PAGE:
In terms of mechanical design, I've been thinking of putting them on a round computer heatsink and sticking that inside some pvc. Batteries should provide ~ right voltage for the fan and I just stuff the electronics and batteries upstream of it. What's been holding me up is finding just the right size one to go in a 3" pipe.

Crux, I take it you're talking about this,

not this?

I've seen this wiring method before. And while it can work, there two things to look out for.

  1. You need to be sure to heat-sink the driver. The 7135's work by dropping the excess voltage difference between the batteries and the LEDs. When the batteries are at 4.2V and the LED drops 3.3V at 2.8A there is a difference of 0.9V across the 7135's output pin. And the driver will burn 0.9V x 2.8A = 2.5 Watts. This is the normal setup.
    When there are 2 cells and 2 LEDs (but still 1 driver) then the voltage difference and the power dissipation is double - 5Watts. Think of the heat-sink you would give to a 5W led and that is what the driver alone needs. Thankfully the cell voltage doesn't stay at 4.2V for long so the dissipation drops off too.
  2. Over-voltage of the 7135's and/or uController. When running 2 cells and 2 LEDs the voltage at the driver power input is 8.4V - 3.3V = 5.1V. This is fine. But if using 3 cells and 3 LEDs then the voltage is 12.6V - 6.6V = 6V, the upper limit for the 7135's and the uController. In this case making sure the diode on the driver board is a standard silicon type (Vf = 0.6V) not a low voltage Schottky (Vf = 0.2V) will help. You should be fine with 2 cells.

If you choose this design then I would wire the single LED in series with the driver which is driving the other two in parallel. All this gets you is one less point of failure, if any of the series LEDs should short, the driver will fry.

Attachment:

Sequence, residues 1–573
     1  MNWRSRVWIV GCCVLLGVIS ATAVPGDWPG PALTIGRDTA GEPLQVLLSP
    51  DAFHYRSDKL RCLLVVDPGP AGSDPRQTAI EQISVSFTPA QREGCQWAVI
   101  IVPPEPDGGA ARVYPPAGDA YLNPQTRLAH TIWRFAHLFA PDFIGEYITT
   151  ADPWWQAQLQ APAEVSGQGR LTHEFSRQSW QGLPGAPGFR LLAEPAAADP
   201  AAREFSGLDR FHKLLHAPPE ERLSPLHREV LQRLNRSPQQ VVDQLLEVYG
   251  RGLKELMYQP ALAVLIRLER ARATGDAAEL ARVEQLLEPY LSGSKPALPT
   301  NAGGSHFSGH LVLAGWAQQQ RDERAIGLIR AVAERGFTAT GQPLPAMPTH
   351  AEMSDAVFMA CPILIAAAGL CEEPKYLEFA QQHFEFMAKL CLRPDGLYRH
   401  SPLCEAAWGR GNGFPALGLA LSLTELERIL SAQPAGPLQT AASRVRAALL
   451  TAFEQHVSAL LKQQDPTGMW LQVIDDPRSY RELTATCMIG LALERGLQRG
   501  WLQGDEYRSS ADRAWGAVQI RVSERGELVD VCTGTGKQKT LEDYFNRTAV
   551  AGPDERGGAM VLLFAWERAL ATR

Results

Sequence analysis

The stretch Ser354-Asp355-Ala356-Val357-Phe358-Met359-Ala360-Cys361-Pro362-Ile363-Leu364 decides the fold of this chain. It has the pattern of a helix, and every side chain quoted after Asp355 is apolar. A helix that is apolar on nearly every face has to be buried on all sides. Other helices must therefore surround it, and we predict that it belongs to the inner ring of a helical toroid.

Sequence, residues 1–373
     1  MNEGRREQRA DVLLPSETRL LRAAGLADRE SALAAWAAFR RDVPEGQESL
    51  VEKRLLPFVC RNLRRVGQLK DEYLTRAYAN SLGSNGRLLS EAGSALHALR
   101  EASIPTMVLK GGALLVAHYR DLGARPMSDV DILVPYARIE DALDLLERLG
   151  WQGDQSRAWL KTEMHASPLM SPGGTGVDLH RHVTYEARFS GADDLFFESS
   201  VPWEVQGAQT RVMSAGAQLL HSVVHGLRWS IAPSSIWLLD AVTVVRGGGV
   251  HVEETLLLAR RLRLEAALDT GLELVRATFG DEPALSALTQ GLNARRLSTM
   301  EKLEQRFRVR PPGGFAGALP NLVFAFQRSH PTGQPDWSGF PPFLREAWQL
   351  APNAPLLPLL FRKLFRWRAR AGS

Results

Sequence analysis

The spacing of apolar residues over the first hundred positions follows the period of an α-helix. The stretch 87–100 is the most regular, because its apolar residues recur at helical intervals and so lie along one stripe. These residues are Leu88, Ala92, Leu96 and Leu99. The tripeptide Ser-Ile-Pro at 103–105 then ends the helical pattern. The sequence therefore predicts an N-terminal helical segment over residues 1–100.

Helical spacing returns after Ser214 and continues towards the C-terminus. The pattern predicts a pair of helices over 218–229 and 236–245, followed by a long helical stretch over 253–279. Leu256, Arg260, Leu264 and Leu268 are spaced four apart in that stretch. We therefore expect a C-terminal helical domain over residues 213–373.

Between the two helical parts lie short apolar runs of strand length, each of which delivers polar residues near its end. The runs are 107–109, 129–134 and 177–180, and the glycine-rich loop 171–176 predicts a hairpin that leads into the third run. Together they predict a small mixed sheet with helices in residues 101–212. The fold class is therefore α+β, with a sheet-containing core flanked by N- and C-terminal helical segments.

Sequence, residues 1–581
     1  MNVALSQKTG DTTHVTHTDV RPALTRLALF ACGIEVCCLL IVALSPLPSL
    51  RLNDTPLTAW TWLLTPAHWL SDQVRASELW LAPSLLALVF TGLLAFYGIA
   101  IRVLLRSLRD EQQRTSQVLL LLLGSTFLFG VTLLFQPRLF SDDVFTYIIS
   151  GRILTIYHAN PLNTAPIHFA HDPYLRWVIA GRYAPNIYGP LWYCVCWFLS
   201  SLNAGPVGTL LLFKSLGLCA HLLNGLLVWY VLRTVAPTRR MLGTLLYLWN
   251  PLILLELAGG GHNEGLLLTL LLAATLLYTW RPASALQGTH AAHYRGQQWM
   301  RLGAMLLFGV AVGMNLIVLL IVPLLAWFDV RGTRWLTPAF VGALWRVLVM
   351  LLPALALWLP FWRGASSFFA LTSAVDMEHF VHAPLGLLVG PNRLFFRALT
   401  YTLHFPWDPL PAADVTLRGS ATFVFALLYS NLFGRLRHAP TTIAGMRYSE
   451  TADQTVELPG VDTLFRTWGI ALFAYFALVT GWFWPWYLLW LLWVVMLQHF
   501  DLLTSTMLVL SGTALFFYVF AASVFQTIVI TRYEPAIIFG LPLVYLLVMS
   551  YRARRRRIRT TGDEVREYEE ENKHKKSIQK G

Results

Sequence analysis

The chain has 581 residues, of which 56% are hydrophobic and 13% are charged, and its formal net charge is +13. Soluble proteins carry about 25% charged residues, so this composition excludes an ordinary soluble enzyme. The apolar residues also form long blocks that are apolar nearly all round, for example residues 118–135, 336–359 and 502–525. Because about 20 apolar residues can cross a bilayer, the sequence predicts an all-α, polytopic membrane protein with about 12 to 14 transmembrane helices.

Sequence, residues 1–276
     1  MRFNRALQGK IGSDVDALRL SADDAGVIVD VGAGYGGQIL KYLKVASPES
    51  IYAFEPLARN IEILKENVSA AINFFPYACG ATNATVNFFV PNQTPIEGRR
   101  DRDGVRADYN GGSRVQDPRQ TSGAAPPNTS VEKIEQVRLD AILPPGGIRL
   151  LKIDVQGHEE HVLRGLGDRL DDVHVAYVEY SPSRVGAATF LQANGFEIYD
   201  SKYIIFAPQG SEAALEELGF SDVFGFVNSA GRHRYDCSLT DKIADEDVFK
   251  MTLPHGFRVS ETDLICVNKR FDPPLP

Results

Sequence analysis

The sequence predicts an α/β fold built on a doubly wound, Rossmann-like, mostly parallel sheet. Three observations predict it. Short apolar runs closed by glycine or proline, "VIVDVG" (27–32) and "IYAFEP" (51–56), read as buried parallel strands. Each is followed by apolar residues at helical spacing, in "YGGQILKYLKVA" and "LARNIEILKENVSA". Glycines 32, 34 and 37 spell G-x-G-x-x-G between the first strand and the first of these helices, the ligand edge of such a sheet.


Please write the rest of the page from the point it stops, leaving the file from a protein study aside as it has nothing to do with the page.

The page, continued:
Good luck!


Yes, the DX one. I didn't see the one at KD, and it's claim is 9A... nice...

I'm trying to visualize your setup... can't quite do it...

I'm still looking for a reason to use this: :O

I have that exact one, lol. But I have a whole bunch HP made for its mainframes/servers that I bought on the cheap back in the day but never used. Unfortunately they all seem a tad bit bigger than the 2"/3" commonly available pipes rather than a tad smaller.

The "design" is really simple. Just find pvc/plastic pipe/fittings that this squeezes into (w/ some tape wrap maybe for assistance). The battery holders for 18650 or whatever can just go on the insides of the pipe just upstream of the HSF. Other than just being simple, it allows for a sliding mechanism for zoom lights if you get some adapters. A 3" FF PVC coupler fits the 75mm aspheric at DX perfectly. Originally I thought about the screwdown pvc pieces would be perfect for setting focus, but they seem much tighter than would be practical, but sanding down pvc friction fit pieces for sliding instead should work ok for occasion show off usage.


(First off sorry for misspelling your name - I edited those)

I found a better explanation in this T.I. application note:

Here is the circuit I was trying to describe in my first reply:

Its from the MPS datasheet here:

The circuit uses the LED as the voltage reference. Yes, the LED forward Voltage (Vf) of an LED increases with current (non-linearly) but any one LED will have a "known repeatable" Vf at any one current. The Vf will shift lower as the LED heats up, but that should be minor.